So, when the narcissist tells you something (particularly about someone else) that is very upsetting, take a deep breath. It may not be true at all!

Check the veracity of the statement before being sucked into the drama (remember our story about the narcissistic mom).

9. Don’t Try to One-Up the Narcissist.

One of the worst things you can do with a narcissist is to try to beat them at their own game. Don’t show off with the narcissist. Don’t brag, preen, or otherwise try to make yourself look good in front of the narcissist.

Narcissists are the kings and queens of self-aggrandizement. If you try to compete with them on that level, you may end up feeling like a loser.

Now, this doesn’t mean that you should act like a wilted flower and just slink around when the narcissist is in view. Work on having a healthy self-esteem and try to be as natural as possible.

10. Get Away from the Narcissist.

While this may not be feasible for the short-term, if you can, consider separating yourself from the narcissist as much as possible.

If you are still married to the narcissist and have children, consider the long-term effects of emotional abuse on the kids. It may be best if you leave.

Get time away from them as much as possible so you can center yourself and get back in touch with reality.

11. Ignore the Narcissist – That’ll Really Get ‘Em.

Narcissists thrive on triggering reactions from people. This is how they gain power over you – while you lose control.

So, when the narcissist goes on the attack, one of the most effective ways to deal with it is to just ignore them. This can be challenging, as narcissists have an intuitive way of pushing buttons in people. Deep breathing and stress reduction techniques can help you keep your cool.

Get a narcissist to leave you alone

Keeping Your Cool Around a Narcissist

You may have noticed a theme with the recommendations for dealing with a narcissist. That theme, in a nutshell, is:

KEEP YOUR COOL.

Sometimes, the best way to stand up to a narcissist is to simply remain calm.

In general, you’ll do best if you can reduce your emotional reactions to the narcissist in question.

This can be very challenging, however, as the garden-variety narcissist is typically an expert in pushing buttons. They seem to have a superpower which allows them to know just what will trigger a reaction in the people around them.

In order to keep your cool, you will need to work on yourself.

There are many different ways to do this, including seeking help with a therapist or pursuing self-help strategies.

Mind/body techniques such as meditation and yoga can be extremely helpful in reducing the temptation to react to a narcissist’s antics.

You can also consider joining a support group, where you can commiserate with other victims of narcissists. This is especially helpful if you are dealing with a narcissist who specializes in gaslighting, i.e., making you think you are the one to blame for everything, when it’s really them.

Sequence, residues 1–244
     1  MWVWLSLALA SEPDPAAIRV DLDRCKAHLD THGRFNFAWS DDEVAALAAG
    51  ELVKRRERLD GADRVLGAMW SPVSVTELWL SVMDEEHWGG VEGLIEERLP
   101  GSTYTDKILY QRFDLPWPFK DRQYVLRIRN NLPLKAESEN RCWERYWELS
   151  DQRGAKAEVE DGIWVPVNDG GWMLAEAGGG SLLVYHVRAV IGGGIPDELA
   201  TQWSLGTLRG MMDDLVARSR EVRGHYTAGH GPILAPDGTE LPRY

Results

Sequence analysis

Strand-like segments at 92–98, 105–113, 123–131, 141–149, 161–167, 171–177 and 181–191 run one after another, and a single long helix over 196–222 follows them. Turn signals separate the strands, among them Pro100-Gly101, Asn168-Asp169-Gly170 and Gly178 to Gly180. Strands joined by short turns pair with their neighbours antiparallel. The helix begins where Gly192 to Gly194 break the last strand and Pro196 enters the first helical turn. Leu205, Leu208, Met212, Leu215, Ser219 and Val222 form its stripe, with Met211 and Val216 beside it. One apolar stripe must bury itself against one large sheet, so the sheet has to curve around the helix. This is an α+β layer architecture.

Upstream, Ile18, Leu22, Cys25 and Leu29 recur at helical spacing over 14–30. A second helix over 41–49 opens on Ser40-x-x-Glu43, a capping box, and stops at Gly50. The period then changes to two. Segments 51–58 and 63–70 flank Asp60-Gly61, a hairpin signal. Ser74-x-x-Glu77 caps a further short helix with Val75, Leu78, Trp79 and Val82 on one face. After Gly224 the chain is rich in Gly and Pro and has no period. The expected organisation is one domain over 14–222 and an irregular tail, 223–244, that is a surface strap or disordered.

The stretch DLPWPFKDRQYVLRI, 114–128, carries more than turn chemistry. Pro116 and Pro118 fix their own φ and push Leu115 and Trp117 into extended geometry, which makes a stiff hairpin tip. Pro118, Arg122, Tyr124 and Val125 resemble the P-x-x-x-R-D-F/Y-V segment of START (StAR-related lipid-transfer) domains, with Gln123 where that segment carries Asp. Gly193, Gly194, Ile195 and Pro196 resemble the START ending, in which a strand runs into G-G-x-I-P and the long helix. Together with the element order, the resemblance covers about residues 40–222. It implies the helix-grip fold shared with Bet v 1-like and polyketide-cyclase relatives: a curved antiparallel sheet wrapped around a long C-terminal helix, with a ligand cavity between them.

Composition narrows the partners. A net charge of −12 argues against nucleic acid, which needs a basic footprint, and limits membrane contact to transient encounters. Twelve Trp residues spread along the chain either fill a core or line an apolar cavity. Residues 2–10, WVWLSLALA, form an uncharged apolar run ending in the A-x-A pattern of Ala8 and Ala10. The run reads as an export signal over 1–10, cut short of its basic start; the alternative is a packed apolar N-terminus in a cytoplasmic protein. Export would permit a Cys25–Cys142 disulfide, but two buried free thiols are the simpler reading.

The Narcissist in Your Life Does Not Have to Define You

Fortunately, the more you practice “not reacting” to the narcissist in question, the better you’ll get at it.

Soon, you will learn how to deal with the narcissist without that person ruling your life. The path won’t always be easy, and you will have moments where you slip up and lose your cool.

But take heart – it can and will get better.

Prefer video?  Watch and listen here.

Need extra support for your healing journey?  Grab your free Beginner’s Healing Toolkit below!

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15 comments
Ashley says August 15, 2018

Update:
I have heard from so many wonderful ladies who have reached out to help me. I am blessed to have found such lovely people willing to let me vent and be blunt about what goes on in the privacy of my home.
Thank you gals for the much needed “shoulder” to cry on.
I’m not out yet but am making progress. I applied for a job and hope to save enough money to leave with our 3 small children before he gets the chance to discard us.
Thank you again for your hope, help and prayers!

Reply
7 Signs You’ve Arrived as a Survivor of Narcissistic Abuse - Let Me Reach with Kim Saeed says July 24, 2018

[…] Healing from Identity Loss After Narcissistic Abuse On a Dating Site? One of the Top Ways to Avoid Users Online How Survivors Can Help Current Victims of Narcissist Abuse 7 Types of Hoovers and How to Powerfully Respond The Spirituality of Narcissistic Abuse 11 Mandatory Rules for Dealing With a Narcissist […]

Reply
Anna Nim says July 20, 2018

Back when my exNarc was pitting the other girl against me during our “back together” phase, she & I actually talked & figured out The Game (thanks to stumbling on Kim’s site!). I was still hooked, (of course) and was crying to her, “I am so afraid she will leave me..” She said to me (even though she also was broken hearted & still “in love” with the narc too), “I think the real fear is; what if she doesn’t…”. Oh, snap. What if she doesn’t indeed…Once your eyes are open, it is only a matter of time!

Oh. Snap.

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Katie says April 22, 2018

My ex is a narcissist. We have shared parenting of our boys. He still gets to me by badmouthing me to my boys and the small town we live in. I have many medical problems and have not been able to go back to work. I don’t know what career path to choose now. I was a cat scan tech. I’m very concerned of the effect this is all having on my boys and need help to help them. I wasn’t sure this is where I’m supposed to be in order to get the help my family desperately needs.